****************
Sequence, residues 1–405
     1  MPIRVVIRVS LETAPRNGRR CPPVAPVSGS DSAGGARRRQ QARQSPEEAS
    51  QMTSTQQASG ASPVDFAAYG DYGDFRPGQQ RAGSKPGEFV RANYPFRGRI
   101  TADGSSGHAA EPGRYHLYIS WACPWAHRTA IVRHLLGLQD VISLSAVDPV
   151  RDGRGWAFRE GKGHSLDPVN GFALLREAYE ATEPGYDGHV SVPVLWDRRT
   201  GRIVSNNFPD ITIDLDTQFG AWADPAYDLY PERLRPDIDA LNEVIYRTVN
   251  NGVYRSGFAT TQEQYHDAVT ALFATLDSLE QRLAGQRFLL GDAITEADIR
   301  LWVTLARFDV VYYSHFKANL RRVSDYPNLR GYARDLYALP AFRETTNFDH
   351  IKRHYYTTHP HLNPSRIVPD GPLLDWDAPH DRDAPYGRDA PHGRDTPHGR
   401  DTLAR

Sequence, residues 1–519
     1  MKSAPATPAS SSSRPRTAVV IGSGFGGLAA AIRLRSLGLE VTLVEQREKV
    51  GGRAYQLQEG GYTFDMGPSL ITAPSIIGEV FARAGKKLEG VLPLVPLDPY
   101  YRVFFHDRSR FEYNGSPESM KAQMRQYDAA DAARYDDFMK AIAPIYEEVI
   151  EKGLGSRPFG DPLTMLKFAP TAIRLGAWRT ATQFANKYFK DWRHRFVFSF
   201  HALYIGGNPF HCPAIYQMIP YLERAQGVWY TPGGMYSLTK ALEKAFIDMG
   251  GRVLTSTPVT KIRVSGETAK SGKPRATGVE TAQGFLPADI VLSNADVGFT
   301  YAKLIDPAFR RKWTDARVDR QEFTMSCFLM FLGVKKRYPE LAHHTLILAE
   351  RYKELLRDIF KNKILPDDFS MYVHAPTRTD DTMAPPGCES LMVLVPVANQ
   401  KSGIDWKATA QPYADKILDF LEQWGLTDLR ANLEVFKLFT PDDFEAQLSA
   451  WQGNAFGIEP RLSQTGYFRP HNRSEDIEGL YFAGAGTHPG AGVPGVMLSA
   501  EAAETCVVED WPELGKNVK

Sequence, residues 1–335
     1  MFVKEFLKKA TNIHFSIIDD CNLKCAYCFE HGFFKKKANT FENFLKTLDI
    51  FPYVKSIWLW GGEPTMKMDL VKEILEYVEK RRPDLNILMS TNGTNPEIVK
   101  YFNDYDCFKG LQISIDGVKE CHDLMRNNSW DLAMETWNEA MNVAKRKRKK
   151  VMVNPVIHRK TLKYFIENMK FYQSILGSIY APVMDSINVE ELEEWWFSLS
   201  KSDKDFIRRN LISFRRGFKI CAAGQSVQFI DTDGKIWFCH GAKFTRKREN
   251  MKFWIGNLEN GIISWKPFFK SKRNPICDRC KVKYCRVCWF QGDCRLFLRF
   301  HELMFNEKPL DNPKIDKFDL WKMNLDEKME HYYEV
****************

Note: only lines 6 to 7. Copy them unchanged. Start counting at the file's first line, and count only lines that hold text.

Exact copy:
   201  GRIVSNNFPD ITIDLDTQFG AWADPAYDLY PERLRPDIDA LNEVIYRTVN
   251  NGVYRSGFAT TQEQYHDAVT ALFATLDSLE QRLAGQRFLL GDAITEADIR